The March Hare is a gently amusing tale of Sir Charles Hare, a broke Irish baron (Morgan) who made and lost his fortune trying to crack the races at Ascot. (For some background reading on the Irish obsession with Ascot, I highly recommend Bill Barich’s A Fine Place to Daydream.) His aunt and uncle, sorry to see his estate broken up, purchase one of his promising colts, intending to surprise him with it when it’s of racing age, and turn it over to Lazy Mangan (Cyril Cusack), an affable drunk who introduces the colt (whose name provides the movie’s title) to the Queen of the Fairies, and secures a magic word which makes the horse tractable. Meanwhile, Hare’s estate has been bought by McGuire (McDonald Park), a wealthy American looking to get into the horse breeding business. As Hare is moving the last of his belongings out, he runs into McGuire’s beautiful daughter Pat (Cummins), who, thinking he’s one of the farmhands who’s now jobless, hires him as her personal groom. So Mangan’s got the colt, Pat’s got Hare, and everyone wants to get to the English Derby.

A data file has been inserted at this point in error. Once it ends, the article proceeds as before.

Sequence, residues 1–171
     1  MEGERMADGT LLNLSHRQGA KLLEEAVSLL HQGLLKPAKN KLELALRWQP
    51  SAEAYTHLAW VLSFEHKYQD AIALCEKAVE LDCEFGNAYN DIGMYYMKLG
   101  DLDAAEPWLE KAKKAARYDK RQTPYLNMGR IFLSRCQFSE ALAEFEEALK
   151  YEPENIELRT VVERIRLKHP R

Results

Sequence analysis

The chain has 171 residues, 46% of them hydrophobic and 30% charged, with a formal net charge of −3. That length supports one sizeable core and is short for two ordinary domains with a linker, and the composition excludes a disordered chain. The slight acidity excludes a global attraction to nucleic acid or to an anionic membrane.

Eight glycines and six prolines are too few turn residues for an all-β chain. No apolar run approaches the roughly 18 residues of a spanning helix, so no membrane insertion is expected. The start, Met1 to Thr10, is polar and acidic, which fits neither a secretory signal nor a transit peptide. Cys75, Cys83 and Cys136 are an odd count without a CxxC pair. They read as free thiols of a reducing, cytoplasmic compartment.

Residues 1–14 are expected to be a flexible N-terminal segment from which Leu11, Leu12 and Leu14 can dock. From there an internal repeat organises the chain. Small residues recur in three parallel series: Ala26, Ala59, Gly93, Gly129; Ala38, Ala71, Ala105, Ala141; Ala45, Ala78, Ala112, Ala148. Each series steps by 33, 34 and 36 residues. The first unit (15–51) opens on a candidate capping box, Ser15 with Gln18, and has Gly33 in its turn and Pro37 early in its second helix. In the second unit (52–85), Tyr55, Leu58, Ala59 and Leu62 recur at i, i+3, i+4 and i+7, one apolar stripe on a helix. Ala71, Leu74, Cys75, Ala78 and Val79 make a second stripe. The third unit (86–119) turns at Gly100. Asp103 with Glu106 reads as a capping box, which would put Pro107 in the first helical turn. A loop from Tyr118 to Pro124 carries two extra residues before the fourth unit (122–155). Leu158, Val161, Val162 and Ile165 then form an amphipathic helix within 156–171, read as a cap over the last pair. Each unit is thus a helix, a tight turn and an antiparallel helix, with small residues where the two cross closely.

photo credit: britmovies.co.uk

The single screenshot of the movie I could find online gives you an idea of the current picture quality.